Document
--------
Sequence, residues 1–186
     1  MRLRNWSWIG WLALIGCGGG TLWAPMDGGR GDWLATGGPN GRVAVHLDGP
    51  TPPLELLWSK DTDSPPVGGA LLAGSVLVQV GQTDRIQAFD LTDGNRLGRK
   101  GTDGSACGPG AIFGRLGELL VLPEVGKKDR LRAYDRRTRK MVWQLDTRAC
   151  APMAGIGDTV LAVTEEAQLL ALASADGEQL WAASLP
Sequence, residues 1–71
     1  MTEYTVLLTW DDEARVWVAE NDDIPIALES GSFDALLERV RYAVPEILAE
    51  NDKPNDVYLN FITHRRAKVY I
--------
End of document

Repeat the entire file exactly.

Sequence, residues 1–186
     1  MRLRNWSWIG WLALIGCGGG TLWAPMDGGR GDWLATGGPN GRVAVHLDGP
    51  TPPLELLWSK DTDSPPVGGA LLAGSVLVQV GQTDRIQAFD LTDGNRLGRK
   101  GTDGSACGPG AIFGRLGELL VLPEVGKKDR LRAYDRRTRK MVWQLDTRAC
   151  APMAGIGDTV LAVTEEAQLL ALASADGEQL WAASLP
Sequence, residues 1–71
     1  MTEYTVLLTW DDEARVWVAE NDDIPIALES GSFDALLERV RYAVPEILAE
    51  NDKPNDVYLN FITHRRAKVY I